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My daughters 9th birthday is coming up. Orginally she said she wanted a TV for her bedroom but has since said she would prefer a camera. A camera seems a better idea than a TV, and I would like to encourage her. She likes to use my Canon EOS40D but it is really too heavy for her, and definitely not something she can carry around (and it isn't good for my nerves!). But she wants more than a compact, she wants to be able to change focus, depth of field etc. She reads (or looks at) my photography magazines and certainly the pictures she takes suggest that she has a good eye for it.
The problem is what camera to get? What would be best for a 9 year old? At that age I don't want to spend a ridiculous amount and then find she loses interest after 6 months. I was wondering about a bridge camera, something like a Canon Powershot, but would love to know what cameras children have tried and got on with. Any suggestions or suitable experience from any parents out there.
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have a look at pentax optio [the one you can change the covers on] might be a good starting place or try fujifilm /cybershot websites
I would recommend one of the early pentax slrs which are extremely light with an 18-55 lens and small too , the k100 , k110 or k200 can be picked up for less than 100 sometimes on ebay and are great starters ... its also smaller and lighter than the 40d and its price tag should be less of a worry should you need to replace the lens ( 30 quid ) ..
I use a Canon S3IS - it has everything I need from Super Macro (at 0cm!) to Infinity. It has manual, P, Av, Tv, sports mode and lots of other different scenes. You can turn off sound or have a dog barking as you click the shutter (yes, thank you Rachel!). I have a view finder and a screen I can swivel out 180 and turn over 180. It uses AA rechargeable batteries (I've bought the special 'Stay Charged' ones, they do as it says on the packet - they last months before they need recharging (both in and out of the camera)).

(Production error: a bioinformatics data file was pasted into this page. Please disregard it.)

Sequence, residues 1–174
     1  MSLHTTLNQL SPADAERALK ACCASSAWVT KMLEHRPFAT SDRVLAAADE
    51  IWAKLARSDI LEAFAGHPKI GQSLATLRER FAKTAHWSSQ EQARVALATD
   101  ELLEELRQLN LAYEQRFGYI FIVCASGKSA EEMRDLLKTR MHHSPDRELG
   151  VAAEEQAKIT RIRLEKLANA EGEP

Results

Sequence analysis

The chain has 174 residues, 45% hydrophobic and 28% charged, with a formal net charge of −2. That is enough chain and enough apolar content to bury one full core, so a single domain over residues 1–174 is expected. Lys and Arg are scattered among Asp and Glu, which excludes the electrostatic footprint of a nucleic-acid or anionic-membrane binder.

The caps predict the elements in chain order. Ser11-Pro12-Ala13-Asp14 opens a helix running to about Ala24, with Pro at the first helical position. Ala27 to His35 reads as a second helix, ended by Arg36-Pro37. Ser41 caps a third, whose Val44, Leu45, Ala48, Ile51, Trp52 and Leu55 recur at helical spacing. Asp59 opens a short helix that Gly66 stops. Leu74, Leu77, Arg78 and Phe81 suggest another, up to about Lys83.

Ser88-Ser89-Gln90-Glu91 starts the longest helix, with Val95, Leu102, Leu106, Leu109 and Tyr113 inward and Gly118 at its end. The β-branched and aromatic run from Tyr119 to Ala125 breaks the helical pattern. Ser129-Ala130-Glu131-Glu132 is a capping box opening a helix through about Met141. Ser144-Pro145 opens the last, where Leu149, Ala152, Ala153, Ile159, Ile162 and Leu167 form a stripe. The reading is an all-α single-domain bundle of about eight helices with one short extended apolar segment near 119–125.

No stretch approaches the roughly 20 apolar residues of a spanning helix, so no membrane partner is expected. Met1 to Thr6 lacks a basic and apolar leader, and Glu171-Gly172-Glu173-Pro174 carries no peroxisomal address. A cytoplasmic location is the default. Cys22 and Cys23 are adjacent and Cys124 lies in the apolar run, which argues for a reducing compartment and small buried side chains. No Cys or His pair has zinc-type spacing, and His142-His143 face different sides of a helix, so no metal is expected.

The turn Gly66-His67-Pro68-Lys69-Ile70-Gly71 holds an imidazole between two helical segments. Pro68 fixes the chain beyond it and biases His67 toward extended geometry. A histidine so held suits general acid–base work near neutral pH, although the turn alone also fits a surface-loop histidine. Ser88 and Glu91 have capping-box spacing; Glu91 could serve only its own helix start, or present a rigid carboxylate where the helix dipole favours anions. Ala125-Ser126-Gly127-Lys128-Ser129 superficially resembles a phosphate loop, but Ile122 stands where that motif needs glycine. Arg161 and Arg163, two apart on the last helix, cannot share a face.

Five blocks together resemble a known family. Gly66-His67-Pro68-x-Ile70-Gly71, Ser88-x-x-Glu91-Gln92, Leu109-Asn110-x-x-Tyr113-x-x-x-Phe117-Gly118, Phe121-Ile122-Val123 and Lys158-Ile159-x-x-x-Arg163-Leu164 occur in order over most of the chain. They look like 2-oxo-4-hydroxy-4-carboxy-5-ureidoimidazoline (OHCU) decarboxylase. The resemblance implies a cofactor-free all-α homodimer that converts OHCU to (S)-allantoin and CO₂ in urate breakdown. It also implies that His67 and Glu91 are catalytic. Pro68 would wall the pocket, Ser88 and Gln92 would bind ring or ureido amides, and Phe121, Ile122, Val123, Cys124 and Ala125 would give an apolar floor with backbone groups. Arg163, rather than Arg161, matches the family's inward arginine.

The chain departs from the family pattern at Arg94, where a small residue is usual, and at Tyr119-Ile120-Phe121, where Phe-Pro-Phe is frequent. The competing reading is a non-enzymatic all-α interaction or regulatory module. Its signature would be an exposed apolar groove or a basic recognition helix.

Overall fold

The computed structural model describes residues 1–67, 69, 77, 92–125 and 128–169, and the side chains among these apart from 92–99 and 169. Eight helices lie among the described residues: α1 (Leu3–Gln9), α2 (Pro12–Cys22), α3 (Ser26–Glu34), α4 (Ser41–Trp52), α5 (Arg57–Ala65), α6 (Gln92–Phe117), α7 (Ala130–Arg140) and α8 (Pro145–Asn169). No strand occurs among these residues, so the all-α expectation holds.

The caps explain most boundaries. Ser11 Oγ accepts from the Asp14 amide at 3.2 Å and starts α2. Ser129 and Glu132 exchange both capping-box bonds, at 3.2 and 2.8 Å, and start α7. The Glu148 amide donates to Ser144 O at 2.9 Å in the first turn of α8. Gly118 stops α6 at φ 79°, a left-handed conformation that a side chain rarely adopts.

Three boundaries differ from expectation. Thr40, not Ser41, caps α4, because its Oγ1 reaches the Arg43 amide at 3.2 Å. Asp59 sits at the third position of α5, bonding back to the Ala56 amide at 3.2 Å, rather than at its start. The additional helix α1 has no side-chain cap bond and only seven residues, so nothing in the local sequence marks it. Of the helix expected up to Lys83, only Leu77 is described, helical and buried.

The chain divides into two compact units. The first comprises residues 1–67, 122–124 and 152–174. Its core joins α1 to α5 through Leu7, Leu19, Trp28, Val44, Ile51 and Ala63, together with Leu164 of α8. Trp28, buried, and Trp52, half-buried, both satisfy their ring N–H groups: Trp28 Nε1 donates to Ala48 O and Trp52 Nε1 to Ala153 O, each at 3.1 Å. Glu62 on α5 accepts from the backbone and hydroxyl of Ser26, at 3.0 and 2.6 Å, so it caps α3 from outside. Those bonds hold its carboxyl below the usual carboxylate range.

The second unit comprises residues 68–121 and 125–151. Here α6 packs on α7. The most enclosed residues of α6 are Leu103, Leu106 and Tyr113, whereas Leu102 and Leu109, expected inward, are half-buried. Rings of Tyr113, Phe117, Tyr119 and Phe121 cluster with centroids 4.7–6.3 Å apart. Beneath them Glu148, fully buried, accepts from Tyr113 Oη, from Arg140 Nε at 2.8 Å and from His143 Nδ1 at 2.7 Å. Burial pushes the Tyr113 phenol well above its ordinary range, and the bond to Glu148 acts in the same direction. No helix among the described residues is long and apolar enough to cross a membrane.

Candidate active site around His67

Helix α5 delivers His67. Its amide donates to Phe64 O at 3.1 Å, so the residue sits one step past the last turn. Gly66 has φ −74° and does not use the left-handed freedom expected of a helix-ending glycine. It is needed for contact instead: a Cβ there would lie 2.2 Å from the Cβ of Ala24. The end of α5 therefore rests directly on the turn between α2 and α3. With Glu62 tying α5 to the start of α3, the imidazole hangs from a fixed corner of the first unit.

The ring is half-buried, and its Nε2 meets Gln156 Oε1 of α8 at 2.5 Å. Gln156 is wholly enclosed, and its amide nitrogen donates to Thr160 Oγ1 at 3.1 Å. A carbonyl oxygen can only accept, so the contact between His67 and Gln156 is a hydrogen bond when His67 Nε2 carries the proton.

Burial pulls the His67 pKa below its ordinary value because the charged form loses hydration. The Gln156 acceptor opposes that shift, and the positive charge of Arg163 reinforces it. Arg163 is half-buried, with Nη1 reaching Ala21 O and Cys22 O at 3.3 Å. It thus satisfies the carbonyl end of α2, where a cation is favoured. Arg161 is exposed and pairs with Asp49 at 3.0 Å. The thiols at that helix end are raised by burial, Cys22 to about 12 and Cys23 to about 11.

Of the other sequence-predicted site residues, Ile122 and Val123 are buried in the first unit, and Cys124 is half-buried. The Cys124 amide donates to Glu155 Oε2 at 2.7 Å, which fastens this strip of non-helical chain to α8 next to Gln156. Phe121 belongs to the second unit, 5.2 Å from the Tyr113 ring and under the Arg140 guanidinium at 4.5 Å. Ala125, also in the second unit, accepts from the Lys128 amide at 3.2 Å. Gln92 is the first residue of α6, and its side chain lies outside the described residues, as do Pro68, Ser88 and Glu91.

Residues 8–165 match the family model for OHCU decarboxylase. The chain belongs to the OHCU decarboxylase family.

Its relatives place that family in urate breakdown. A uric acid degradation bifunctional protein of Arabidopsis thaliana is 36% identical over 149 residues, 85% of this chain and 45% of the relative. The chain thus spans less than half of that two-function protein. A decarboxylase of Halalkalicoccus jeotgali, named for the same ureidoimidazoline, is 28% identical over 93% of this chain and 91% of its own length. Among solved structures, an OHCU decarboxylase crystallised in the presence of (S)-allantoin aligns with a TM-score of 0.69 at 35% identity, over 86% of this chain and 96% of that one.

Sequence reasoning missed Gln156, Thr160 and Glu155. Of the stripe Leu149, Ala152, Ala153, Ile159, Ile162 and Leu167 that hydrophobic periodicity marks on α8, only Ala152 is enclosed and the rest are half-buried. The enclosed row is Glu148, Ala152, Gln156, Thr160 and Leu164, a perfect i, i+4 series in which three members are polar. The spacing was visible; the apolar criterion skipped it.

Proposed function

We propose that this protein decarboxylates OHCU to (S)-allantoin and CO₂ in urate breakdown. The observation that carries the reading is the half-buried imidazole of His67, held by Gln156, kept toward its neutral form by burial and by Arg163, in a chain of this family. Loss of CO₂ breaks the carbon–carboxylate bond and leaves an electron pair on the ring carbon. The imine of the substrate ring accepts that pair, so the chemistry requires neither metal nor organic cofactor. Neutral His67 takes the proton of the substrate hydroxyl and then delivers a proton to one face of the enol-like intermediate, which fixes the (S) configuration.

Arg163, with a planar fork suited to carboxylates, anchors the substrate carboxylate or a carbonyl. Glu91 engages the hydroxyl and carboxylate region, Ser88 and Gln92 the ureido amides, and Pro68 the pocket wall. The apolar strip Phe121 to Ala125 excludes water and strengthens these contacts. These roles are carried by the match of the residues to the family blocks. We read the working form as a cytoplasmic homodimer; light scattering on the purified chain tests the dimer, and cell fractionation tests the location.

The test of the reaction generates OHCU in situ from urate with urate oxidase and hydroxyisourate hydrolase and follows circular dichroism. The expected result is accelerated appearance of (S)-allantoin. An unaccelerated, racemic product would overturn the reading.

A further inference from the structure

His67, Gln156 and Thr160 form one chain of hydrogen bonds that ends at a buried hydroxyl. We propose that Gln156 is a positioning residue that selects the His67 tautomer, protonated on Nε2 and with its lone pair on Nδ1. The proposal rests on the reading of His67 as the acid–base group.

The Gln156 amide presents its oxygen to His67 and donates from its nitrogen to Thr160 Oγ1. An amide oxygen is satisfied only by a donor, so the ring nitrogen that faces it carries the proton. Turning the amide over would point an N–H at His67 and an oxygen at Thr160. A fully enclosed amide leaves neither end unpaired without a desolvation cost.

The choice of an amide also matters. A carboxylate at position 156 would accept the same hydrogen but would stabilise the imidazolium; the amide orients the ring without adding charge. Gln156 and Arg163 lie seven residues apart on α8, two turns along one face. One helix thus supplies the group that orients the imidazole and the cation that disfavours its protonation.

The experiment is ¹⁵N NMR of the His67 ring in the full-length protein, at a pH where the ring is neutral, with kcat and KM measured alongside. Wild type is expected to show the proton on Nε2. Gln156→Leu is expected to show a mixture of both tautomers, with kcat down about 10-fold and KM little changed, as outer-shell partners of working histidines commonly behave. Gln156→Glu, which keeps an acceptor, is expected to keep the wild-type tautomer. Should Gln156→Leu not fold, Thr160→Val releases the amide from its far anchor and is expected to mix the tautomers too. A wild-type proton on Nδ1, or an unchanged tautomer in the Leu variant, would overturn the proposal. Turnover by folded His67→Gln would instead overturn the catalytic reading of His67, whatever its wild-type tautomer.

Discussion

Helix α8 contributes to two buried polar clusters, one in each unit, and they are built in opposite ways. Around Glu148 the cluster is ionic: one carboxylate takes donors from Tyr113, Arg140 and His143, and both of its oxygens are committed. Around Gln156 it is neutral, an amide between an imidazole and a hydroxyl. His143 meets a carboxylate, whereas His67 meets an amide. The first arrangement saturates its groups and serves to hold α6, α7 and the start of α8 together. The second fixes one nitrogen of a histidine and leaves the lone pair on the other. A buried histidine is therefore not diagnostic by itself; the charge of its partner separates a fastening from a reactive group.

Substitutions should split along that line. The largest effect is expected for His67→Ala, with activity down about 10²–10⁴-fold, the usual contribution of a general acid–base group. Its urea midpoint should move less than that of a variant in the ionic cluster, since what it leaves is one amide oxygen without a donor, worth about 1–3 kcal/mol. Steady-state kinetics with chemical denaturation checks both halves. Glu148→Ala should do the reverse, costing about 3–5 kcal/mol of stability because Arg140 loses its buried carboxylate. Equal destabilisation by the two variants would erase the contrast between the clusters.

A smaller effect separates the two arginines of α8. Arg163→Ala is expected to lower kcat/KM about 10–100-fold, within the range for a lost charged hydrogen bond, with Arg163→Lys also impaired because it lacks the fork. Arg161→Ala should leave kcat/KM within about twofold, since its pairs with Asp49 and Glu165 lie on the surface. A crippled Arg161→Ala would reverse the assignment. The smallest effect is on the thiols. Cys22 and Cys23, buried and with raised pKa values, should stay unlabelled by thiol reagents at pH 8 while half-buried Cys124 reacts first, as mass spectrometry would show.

But I would recommend you take your daughter to a photography shop and let her try/hold a few different cameras.
I would also recommend you open her own portfolio on EPZ! All new members are very welcome (and we have a Junior Competition in a few weeks time!)
When my daughter was that age, she bugged me for a camera. We ended up buying her a Kodak Easy Share. It was cheap, very easy to use and sat on it's own dock to transfer images and charge up the battery. The biggest problem I found was trying to tell my daughter that it wasn't a 'toy' like her other things and she had to take good care of it. Nowadays I would be looking at one of the shockproof/ water resistant cameras. I would say, pick your maximum spend and stick to it, search 'children's camera' and see what you like (there are quite a few out there, but do look rather childish for a 9 year old), then search all camera's under your maximum spend price.
Already talking to her about having her own account here, and about entering Junior Competitions.